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Rivulets - We're Fucked [Important Records - 2012]

There have been countless indie singer/songwriters who master in fragility since the heyday of Elliott Smith but few have the shtick down quite as firmly as Nathan Amundson, the creative core of Rivulets.

By naming his fourth album We’re Fucked, he’s walking the line between aggression and defeat, a perfectly representative tension for its contents. Most artists would err toward one side or the other, but Amundson has the keen ability to dial it back when necessary in service of the song and often actually goes the other way entirely, sometimes within the span of two minutes. He’s nothing if not economical when it comes to writing and performance, and is therefore often blessed/cursed with the ubiquitous “minimalist” tag. Six of the songs on We’re Fucked clock in under two minutes; ten of them are under three. There are no electronic sounds or production tricks.

Musically, the tension is most often maintained by the power trio Rivulets has become in its live incarnation. The nastiest moments of the record use electric guitar, bass, and drums to create an immersive grinding ugliness (Amundson’s view of the world?) that threatens to overtake most tracks but never lingers. Instead, the burden remains with Amundson’s strummed guitar and quivering voice (heftier than Smith’s while less histrionic than Xiu Xiu’s Jamie Stewart), at which moments the proceedings can become so intimate that each breath, the squeaks of the strings, and the flutters of paper in the background are shamelessly exposed.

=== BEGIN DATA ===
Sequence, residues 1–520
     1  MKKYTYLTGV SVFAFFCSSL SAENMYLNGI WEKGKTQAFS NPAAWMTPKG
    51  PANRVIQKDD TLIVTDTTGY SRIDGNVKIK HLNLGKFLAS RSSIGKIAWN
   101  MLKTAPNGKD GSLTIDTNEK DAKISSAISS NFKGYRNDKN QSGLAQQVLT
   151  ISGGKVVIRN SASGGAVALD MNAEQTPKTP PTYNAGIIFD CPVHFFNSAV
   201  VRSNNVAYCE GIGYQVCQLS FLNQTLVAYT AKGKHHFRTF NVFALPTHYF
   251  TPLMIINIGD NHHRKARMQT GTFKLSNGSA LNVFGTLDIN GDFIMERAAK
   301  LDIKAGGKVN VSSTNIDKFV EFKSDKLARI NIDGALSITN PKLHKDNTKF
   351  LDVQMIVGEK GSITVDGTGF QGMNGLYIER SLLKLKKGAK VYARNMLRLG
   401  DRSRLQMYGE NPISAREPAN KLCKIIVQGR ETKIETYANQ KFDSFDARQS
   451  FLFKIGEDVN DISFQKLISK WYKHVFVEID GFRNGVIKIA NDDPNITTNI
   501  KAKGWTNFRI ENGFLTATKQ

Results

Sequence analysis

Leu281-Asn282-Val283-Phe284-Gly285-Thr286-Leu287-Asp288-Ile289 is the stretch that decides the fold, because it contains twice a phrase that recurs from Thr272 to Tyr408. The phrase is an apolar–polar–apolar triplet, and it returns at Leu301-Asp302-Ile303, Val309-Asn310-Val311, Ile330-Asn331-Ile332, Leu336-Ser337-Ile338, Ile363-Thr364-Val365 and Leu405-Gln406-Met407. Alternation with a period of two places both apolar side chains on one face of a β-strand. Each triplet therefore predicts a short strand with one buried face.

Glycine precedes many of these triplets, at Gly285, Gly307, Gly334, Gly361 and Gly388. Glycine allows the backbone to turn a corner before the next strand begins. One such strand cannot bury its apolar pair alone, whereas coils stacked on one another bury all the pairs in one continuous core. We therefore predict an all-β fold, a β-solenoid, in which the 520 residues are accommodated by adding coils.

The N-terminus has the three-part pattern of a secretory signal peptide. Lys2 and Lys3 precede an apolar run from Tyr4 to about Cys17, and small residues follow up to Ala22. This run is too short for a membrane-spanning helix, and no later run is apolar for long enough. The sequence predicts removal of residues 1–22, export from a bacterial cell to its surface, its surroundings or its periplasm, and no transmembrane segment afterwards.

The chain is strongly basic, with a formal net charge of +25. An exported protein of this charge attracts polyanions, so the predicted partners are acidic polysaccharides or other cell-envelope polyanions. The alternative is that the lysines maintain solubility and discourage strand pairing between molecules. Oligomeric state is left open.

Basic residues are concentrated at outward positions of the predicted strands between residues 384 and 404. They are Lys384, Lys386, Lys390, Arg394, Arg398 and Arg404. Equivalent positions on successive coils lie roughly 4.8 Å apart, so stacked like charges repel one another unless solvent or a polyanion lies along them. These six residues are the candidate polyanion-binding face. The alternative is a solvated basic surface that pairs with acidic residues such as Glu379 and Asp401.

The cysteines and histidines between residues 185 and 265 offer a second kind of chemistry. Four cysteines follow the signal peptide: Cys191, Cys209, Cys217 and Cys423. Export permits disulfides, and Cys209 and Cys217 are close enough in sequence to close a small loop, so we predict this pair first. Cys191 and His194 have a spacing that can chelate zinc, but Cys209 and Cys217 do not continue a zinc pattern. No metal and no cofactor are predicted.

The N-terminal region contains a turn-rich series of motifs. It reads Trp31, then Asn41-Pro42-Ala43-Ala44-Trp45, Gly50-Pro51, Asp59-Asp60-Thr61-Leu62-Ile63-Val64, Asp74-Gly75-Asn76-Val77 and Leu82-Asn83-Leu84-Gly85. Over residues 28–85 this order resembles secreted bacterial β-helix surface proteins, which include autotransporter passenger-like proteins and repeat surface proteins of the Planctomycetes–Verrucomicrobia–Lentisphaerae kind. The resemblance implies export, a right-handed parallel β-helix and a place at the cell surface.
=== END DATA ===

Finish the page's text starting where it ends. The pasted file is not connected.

Amundson’s world view is also clearly stated in the title: “We’re fucked.” Amundson means this as a talking point rather than a conclusion, but the overall vibe is still rather dour; this is little to no humor on the record, just one man waging wars with carefully sculpted innuendo. The only lyrics for the first track state, “No, I haven’t spoke to you. And I don’t know how you’ve been. It’s been so long that I don’t even know where you are living.” The simple pairing of acoustic guitar and voice finds just the right rhythm, the right pace, and the right melody to be compelling, but does nothing to interfere with the song’s message. If it weren’t for the multi-tracked, wordless vocals that pick up immediately afterward for a surprisingly full-bodied and meaningful chorus, the song (“Interstate”) would be bereft of hope.

The only track more stripped down is the minute long “I Am,” in which Amundson sings, “I am coffee and cigarettes, I am whiskey and sleeplessness.” Here he seems to be confusing who he is with what he does, and in a moment much later on the album (“Souls”) he finally seems to recognize the tragedy behind this. “Where are are the souls you’ve hidden, where have the souls gone?” he cries in a panicky falsetto blast prior to a noisy guitar shakeup. Every musical moment is precisely engineered for dramatic impact, and like this one, many have a counterpoint example somewhere else on the album. It’s no accident that the two seemingly unrelated parts of “Gentile Boyfriend” illustrate death on both sides of a relationship. In one, “It’s the cancer they’ll find that’ll kill you,” while in the other, “It’s your long hair that kills me.”

Even when all of Amundson’s exercises in tension come together into full-bodied songs, they can be marred with irony or gutted by self-sabotage. “I Don’t Want to Be Found” could almost be an anthem, but despite a memorable chorus it perversely cuts out too soon. And “The Road” dynamically careens back and forth with purpose but ultimately reveals that the path less familiar to Amundson always takes him to the same seductive dark place that he presumably wants to leave. (“I will take the road down that darkened path, it will lead me back to your door.”) Despite its dourness, We’re Fucked is not a record about wallowing; it is about overcoming endless loops and the desire to fight in the face of foregone conclusion.

Rating: 4 out of 5Rating: 4 out of 5Rating: 4 out of 5Rating: 4 out of 5Rating: 4 out of 5

Richard T Williams
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